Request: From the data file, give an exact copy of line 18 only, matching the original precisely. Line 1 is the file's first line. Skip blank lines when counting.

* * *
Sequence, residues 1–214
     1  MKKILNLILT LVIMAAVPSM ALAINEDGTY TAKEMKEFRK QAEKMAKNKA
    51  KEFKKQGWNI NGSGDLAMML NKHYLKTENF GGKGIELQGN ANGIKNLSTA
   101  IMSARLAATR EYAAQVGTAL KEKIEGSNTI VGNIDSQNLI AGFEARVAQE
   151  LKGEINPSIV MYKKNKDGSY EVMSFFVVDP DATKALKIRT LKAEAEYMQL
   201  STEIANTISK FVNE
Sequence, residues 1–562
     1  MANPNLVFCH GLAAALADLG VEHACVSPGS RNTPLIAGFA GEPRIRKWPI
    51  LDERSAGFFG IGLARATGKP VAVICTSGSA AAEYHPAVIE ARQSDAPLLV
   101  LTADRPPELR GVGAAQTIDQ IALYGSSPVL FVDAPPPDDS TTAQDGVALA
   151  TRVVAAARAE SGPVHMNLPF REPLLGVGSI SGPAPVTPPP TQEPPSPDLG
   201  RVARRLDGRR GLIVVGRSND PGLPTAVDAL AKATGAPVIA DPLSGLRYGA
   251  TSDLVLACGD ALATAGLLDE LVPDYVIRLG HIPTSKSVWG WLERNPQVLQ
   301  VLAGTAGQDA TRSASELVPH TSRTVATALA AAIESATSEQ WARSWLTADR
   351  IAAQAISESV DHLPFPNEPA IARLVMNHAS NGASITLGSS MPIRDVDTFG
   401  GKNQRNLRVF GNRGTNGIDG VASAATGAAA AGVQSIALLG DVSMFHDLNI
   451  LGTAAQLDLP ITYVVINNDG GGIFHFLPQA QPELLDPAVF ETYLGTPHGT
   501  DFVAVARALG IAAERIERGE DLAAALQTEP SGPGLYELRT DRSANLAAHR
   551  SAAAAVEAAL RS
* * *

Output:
   501  DFVAVARALG IAAERIERGE DLAAALQTEP SGPGLYELRT DRSANLAAHR